Federal CIO: 2019 PMA Builds on 2018 Mission's Results

Federal CIO: 2019 PMA Builds on 2018 Mission's Results

This year's executive plan is all about "action and impact" for IT modernization, according to Federal CIO Suzette Kent.

Since March of 2018, the President’s Management Agenda has worked toward improving IT modernization efforts across all government agencies to efficiently serve public citizens, investing largely in three key drivers of reform — technology, data, and workforce. Now the plan is to keep building on those first-year foundational activities and achievements, according to Federal CIO Suzette Kent.

“We’re in the cycle of delivering the next round of results — real, tangible results,” Kent said in a keynote address delivered at the 2019 IT Modernization Summit in Washington, D.C. Thursday.

With substantial assistance provided by the Technology Modernization Fund in fiscal year 2018, which granted approximately $90 million in total to seven different modernization projects for five federal agencies, the PMA successfully enables real results, such as transforming outdated, paper-based legacy systems into automated and electronic cloud service solutions, she said.

Just last February, for instance, the TMF board awarded funding to support the deployment of GSA’s NewPay, a cloud-based SaaS payroll system that can be used by all federal agencies, Kent added.

Various projects last year also allowed for enhanced cybersecurity measures through government standardization and the accelerated adoption of collaborative cloud services among a majority of federal agencies, noted Kent. However, she emphasized that the PMA will continue to address IT modernization to drive agencies into becoming more citizen and mission impactful.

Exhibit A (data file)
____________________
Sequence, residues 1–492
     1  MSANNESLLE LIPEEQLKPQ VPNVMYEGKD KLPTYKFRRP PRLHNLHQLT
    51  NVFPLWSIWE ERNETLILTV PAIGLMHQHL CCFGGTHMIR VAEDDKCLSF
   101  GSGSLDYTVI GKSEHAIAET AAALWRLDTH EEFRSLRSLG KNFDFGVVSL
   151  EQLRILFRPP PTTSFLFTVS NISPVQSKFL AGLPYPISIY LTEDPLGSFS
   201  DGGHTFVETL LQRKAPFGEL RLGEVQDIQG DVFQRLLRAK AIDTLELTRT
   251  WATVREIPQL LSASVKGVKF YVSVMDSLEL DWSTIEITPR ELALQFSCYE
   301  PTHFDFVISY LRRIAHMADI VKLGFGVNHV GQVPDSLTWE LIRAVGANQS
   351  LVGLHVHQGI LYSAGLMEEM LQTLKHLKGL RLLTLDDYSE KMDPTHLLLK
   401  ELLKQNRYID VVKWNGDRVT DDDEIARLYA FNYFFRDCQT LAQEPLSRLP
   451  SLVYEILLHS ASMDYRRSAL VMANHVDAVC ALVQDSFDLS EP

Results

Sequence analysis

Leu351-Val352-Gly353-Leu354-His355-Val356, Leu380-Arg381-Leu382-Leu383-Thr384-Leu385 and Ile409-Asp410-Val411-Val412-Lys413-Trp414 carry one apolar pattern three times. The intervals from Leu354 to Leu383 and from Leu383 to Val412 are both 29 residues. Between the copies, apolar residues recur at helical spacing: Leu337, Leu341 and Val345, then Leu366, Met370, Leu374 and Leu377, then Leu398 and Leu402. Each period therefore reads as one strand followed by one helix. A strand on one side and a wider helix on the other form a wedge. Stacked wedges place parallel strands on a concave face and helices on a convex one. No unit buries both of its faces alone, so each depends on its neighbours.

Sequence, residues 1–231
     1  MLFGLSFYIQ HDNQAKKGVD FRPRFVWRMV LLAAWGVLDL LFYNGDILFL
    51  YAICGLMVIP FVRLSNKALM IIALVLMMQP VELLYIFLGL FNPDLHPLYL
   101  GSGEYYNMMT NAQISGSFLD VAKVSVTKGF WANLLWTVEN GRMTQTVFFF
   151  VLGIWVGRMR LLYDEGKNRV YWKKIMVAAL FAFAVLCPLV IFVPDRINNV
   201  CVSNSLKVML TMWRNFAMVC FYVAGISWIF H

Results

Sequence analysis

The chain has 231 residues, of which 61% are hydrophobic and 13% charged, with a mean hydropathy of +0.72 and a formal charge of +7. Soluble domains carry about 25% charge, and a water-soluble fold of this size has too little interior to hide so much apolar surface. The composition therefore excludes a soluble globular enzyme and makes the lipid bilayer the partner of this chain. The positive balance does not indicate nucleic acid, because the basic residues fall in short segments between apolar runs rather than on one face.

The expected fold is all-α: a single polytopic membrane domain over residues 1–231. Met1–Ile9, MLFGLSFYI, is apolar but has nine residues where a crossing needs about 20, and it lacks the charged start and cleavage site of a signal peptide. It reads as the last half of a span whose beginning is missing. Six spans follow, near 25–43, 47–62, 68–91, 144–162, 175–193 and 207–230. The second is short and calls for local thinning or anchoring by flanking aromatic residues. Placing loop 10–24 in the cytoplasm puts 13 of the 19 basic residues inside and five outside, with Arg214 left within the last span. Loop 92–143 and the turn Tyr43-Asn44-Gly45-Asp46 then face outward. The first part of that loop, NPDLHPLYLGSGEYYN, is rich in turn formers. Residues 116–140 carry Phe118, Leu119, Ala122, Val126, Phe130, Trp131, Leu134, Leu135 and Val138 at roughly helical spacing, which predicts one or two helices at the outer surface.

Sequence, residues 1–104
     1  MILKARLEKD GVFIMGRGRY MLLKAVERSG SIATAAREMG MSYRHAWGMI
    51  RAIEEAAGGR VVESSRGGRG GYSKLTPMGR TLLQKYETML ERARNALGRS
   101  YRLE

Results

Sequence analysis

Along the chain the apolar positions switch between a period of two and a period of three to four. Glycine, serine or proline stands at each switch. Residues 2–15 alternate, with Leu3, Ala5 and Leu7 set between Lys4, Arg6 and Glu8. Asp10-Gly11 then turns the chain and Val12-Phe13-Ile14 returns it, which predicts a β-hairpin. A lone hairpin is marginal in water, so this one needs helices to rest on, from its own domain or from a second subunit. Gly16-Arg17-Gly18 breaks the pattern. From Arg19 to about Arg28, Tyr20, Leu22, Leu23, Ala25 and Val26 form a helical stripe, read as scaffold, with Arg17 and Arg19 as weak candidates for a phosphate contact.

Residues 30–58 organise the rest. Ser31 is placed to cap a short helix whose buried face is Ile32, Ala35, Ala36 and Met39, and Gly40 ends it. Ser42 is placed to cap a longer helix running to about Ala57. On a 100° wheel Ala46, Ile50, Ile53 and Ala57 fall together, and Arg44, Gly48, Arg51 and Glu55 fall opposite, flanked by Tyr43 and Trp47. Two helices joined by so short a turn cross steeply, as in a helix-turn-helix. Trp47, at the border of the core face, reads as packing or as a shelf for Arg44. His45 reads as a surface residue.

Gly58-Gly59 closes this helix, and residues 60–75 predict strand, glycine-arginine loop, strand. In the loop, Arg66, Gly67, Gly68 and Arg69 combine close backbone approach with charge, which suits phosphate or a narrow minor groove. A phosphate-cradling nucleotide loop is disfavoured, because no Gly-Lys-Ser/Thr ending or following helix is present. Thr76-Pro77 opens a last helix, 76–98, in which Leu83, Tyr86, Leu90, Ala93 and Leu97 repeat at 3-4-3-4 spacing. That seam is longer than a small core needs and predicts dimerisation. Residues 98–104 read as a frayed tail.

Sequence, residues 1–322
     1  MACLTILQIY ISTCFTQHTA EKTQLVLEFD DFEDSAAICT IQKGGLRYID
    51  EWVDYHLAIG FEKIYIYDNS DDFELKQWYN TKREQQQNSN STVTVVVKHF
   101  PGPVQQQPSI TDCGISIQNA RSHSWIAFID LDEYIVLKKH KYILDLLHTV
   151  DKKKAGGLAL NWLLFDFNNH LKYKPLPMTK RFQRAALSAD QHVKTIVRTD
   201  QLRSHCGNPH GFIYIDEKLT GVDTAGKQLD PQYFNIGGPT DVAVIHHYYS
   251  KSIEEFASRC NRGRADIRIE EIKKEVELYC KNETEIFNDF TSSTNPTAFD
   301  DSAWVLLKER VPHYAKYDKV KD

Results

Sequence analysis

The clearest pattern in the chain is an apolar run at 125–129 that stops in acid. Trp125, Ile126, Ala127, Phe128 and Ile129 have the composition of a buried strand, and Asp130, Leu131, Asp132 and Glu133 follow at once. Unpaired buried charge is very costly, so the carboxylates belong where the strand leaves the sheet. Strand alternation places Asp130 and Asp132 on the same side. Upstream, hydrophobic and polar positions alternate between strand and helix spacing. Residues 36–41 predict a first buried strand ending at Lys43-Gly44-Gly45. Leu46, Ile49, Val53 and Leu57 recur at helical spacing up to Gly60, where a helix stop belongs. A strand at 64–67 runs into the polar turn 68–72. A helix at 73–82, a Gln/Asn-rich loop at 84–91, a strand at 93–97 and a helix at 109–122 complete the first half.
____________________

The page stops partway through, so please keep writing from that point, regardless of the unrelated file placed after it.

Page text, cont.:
One initiative this year, as Kent outlined, is to continue a “relentless focus” on modernizing cybersecurity, as well as its processes and tools. This includes optimizing and consolidating functions of data centers during application rationalization, allowing for fewer data centers and a smoother transition for agencies to cloud services.

In terms of other technologies, the PMA aims to “develop the initial release of policy for use of automated technologies by federal civilian agencies,” Kent explained. This includes providing “inspection, oversight, data examination and model control” of agencies capturing and using RPA, machine learning, natural language processing and AI data, specifically concentrating on building infrastructure complementary to agencies’ missions.

“We are going to be very aggressive both at the center through the CIO council and at the individual agencies with pilots,” she professed, elaborating on the “massive opportunity” to also learn hands-on for technologies specific to each agency.

And for the cyber workforce, pilots may be used to speed-up the IT hiring and selection process. Because of a high-level of response given by non-IT employees to move into IT roles (Kent cited that the CIO council received as many as 1,500 non-IT applicants for 25 IT job slots), the PMA will look for new ways to expand and add sections in the applicant process to make quicker, more well-informed decisions.

“2018 was a great year that was foundational," said Kent. "But 2019 is about action and impact."

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